Buttons and Digital Input

The above section deals with digital output. Now let’s look at digital input. Setting a pin as digital input allows the microcontroller to read signals as logic highs and lows. Digital input is commonly used for checking button status. When a button is pressed, the pin value changes from high to low (or reverse). Therefore by reading the input value we can find out whether the button has been pressed. Here is the 04.BUTTON_PRESS demo program which shows how to use the built-in push-button (connected internally to pinA3, a read-only pin).

The buttonPressed() function reads the value of pinA3, and returns 0 if pinA3=1 (the pin is normally pulled to high), and 1 if pinA3=0 (when the button is pressed, the pin is tied to ground). The button status is in turn used to turn on or off the built-in LED (pinC7).


In a similar way, you can check the status of an external button. An example can be found in 05.DIGITAL_INPUT. Usually you should connect one end of the button to ground, and the other end to a digital input pin. Any of SquareWear’s Port B pins (pinB4, pinB5, pinB6, pinB7) has internal pullups, which makes them suitable for connecting buttons without any additional pullup resistor.

Similar to before, checking button status in the inner loop is a waste of computation. Instead, you can use a button interrupt to trigger an interrupt when the button status has changed, such as when it’s pressed or released. This way the main loop can spend most of its time performing other tasks, while occasionally getting interrupted to handle button press. Check 14.BUTTON_INTERRUPT demo program for an example.

Another use of button interrupt is to combine it with the deepSleep() function. This allows the mcu to enter minimal power consumption state, and resume computation when the button is pressed. This way, your project can run over a long time without draining the battery too fast.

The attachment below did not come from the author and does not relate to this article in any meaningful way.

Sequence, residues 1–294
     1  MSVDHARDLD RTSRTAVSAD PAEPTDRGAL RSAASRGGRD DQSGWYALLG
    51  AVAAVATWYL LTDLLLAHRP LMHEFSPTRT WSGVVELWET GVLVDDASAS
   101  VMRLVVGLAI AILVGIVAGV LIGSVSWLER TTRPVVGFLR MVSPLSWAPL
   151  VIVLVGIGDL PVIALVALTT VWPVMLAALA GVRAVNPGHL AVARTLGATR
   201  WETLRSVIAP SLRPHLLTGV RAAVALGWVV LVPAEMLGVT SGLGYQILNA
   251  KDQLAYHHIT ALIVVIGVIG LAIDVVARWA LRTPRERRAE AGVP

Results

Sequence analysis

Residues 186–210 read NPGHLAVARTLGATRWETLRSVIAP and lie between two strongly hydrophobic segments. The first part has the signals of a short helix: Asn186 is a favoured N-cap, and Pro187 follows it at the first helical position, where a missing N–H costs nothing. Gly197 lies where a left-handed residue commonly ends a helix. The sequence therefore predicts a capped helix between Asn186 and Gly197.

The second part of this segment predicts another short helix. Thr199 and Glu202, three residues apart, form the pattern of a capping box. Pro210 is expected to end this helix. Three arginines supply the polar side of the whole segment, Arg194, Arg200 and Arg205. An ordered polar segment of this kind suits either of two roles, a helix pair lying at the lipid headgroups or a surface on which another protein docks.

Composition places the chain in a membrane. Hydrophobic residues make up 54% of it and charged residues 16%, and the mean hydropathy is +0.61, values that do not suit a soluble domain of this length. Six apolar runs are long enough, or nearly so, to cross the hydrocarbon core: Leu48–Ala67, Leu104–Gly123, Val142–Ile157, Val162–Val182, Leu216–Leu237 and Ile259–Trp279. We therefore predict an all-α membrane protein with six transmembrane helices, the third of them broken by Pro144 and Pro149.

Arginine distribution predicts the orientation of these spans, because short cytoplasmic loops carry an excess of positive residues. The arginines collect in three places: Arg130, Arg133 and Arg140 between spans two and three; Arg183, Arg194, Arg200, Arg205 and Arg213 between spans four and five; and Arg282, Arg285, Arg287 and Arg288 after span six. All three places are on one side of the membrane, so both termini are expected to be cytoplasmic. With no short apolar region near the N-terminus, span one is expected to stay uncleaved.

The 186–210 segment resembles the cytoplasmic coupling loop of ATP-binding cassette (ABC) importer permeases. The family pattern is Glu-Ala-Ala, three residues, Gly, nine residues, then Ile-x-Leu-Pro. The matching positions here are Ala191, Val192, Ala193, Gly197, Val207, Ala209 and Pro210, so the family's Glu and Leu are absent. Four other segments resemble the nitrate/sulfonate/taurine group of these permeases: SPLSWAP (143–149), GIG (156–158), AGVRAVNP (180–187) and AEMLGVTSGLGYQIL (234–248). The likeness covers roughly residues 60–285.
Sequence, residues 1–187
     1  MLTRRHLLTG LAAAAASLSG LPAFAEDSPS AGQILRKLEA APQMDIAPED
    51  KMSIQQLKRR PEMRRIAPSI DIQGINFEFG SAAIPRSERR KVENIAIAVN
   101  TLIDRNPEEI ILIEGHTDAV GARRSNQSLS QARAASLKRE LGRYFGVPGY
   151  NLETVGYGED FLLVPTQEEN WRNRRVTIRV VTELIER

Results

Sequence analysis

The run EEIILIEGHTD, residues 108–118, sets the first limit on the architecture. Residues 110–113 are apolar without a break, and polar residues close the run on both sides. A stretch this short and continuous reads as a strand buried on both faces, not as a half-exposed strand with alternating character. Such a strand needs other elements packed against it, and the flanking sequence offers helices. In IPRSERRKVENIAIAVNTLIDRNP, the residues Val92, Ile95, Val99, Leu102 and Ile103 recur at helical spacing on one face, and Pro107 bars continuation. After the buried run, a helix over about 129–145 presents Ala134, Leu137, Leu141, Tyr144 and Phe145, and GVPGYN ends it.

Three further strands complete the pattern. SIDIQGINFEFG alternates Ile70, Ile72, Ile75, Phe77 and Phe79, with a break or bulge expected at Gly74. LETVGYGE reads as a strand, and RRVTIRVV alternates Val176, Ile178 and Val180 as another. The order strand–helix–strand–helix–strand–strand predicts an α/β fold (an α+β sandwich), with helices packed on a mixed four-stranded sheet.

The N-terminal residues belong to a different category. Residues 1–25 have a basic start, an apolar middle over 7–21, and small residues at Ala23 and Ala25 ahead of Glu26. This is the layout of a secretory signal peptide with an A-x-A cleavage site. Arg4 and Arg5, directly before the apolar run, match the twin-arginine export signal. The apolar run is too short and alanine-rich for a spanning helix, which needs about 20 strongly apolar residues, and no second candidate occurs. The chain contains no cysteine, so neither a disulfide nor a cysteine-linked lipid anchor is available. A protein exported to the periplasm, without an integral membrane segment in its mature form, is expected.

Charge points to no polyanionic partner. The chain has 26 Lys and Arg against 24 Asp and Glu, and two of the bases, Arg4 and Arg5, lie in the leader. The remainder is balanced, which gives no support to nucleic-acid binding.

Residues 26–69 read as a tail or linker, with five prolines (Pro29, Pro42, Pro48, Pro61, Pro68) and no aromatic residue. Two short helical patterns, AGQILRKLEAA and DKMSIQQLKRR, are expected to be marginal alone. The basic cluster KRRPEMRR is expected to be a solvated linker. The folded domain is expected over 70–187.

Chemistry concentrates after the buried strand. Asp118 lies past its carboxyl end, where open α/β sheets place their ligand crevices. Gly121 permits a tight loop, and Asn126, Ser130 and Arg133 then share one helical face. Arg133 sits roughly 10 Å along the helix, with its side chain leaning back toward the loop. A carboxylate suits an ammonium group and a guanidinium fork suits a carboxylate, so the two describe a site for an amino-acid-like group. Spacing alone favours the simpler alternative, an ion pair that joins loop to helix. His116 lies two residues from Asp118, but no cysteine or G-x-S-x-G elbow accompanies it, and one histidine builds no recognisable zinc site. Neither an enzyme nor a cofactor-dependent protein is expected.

Fading LEDs and PWM Output

If you want to control the brightness of LEDs, say, to create fading in and fading out effects, you can use Pulse-Width Modulation (PWM). PWM simulates an analog output (i.e. varying level of voltage) by producing a high-frequency digital signal and adjusting its time share of digital highs (called duty cycle). A microcontroller typically has a some pins that support hardware PWM, but you can also simulate PWM in software. SquareWear has 1 hardware PWM pin (pinC5) and 8 software PWM pins (pinC0 to pinC7).

07.HARDWARE_PWM is an example of hardware PWM (on pinC5). This generates a PWM signal at 11.8kHz with 10-bit precision (i.e. 1024 voltage steps from 0 to Vdd).

06.SOFTWARE_PWM is an example of software PWM. This generates a PWM signal at 183Hz with 5-bit precision (i.e. 32 voltage steps from 0 to Vdd). Compared to hardware PWM, SquareWear’s software PWM has lower frequency, and smaller number of steps. However, this is still sufficient for the purpose of varying LED brightness. The advantage of software PWM is that it can be simulated on any digital I/O pin.

The inner loop increments PWM value from 0 to 31


19.FANCY_PWM is a slightly more complex PWM example, which makes use of all Port C pins to create a waving brightness pattern. This example assumes the positive (longer) lead of each LED is connected to Vdd (common source), and the negative lead is connected to each individual Port C pin.


USB Serial Communication